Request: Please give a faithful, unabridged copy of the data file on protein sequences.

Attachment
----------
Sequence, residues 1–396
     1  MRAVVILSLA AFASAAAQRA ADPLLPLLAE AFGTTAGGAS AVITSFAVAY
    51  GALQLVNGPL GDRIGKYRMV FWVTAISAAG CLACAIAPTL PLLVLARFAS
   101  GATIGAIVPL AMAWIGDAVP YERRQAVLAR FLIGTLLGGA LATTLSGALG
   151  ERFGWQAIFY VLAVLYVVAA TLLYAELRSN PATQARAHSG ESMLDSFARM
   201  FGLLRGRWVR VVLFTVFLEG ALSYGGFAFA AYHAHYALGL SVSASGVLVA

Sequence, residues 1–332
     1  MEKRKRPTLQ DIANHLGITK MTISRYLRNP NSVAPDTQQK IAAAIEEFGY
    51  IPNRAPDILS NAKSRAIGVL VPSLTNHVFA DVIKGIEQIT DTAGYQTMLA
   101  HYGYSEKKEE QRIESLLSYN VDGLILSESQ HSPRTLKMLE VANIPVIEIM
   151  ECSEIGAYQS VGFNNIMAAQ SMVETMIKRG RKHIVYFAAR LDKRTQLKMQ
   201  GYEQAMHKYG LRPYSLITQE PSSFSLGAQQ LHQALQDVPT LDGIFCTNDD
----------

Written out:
Sequence, residues 1–396
     1  MRAVVILSLA AFASAAAQRA ADPLLPLLAE AFGTTAGGAS AVITSFAVAY
    51  GALQLVNGPL GDRIGKYRMV FWVTAISAAG CLACAIAPTL PLLVLARFAS
   101  GATIGAIVPL AMAWIGDAVP YERRQAVLAR FLIGTLLGGA LATTLSGALG
   151  ERFGWQAIFY VLAVLYVVAA TLLYAELRSN PATQARAHSG ESMLDSFARM
   201  FGLLRGRWVR VVLFTVFLEG ALSYGGFAFA AYHAHYALGL SVSASGVLVA

Sequence, residues 1–332
     1  MEKRKRPTLQ DIANHLGITK MTISRYLRNP NSVAPDTQQK IAAAIEEFGY
    51  IPNRAPDILS NAKSRAIGVL VPSLTNHVFA DVIKGIEQIT DTAGYQTMLA
   101  HYGYSEKKEE QRIESLLSYN VDGLILSESQ HSPRTLKMLE VANIPVIEIM
   151  ECSEIGAYQS VGFNNIMAAQ SMVETMIKRG RKHIVYFAAR LDKRTQLKMQ
   201  GYEQAMHKYG LRPYSLITQE PSSFSLGAQQ LHQALQDVPT LDGIFCTNDD